Northampton child cruelty case: Family 'happy, loving and cared-for'
A boy at the centre of a child cruelty case was "happy, loving and cared-for", a court has heard.
The prosecution says that the boy from Northampton was banned from speaking at home and locked in a soiled room.
At Northampton Crown Court his parents, who cannot be named, deny multiple charges of child cruelty between 2012 and 2016.
The father's defence barrister, Andrew Fitch-Holland, said the prosecution's case was "guesswork".
Prosecutor Grace Hale told jurors that during police interviews, the boy's siblings said he had been made to live in a faeces-soiled room and was regularly beaten.
However, Mr Fitch-Holland said the prosecution case was full of glaring and fatal flaws, and that prior to all these allegations the children were "happy, loving and cared-for".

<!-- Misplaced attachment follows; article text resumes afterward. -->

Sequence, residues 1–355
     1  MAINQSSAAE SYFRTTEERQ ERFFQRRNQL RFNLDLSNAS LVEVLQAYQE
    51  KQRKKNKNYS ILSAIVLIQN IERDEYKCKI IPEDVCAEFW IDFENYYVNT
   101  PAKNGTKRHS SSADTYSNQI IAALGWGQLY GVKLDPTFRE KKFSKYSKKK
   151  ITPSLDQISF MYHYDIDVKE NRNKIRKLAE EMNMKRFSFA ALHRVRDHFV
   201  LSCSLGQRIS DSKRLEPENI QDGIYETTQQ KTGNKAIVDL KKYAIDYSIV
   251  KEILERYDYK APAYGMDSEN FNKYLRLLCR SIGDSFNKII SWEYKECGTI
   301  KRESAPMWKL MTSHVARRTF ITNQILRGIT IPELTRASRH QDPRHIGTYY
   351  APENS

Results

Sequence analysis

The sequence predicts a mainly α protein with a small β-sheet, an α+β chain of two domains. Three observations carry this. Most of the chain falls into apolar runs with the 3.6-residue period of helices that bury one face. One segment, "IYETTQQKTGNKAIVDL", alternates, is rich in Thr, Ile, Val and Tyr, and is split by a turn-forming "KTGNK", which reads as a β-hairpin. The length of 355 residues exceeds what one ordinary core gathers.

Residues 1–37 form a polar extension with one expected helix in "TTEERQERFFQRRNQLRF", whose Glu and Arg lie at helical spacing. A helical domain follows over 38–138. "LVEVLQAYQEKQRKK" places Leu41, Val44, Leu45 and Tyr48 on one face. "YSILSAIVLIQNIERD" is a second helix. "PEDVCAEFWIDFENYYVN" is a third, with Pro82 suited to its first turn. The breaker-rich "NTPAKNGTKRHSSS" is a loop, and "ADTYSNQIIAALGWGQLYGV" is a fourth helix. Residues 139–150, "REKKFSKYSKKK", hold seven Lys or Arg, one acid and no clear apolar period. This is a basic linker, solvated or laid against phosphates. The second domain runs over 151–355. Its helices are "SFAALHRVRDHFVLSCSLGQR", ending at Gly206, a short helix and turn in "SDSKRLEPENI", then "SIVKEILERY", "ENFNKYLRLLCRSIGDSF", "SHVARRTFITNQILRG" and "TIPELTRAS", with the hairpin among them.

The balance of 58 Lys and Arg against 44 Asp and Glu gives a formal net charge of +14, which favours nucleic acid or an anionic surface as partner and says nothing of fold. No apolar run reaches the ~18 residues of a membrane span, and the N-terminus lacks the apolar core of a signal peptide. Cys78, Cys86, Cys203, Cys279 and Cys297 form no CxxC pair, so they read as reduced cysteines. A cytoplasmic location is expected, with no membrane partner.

He said the children's police statements, including the evidence of brother of the boy at the centre of these claims, were "full of inconsistencies".
The brother had previously outlined cruelty the boy allegedly suffered, but in the witness box changed his story.
"I was saying stuff happened that didn't", he told jurors.
Mr Fitch-Holland told the jury it was not a crime to be inadequate as a parent and that the boy's father had simply been "overwhelmed".
The mother's defence barrister Barnaby Shaw admitted the boy's room was in a "horrific condition" but told the court he had been sleeping in a room with his brothers and not in his own room.
Judge Michael Fowler, summing up, told the jury they must be sure the defendants "wilfully committed child cruelty, and did so in a manner likely to cause unnecessary suffering or injury to health".
The trial continues.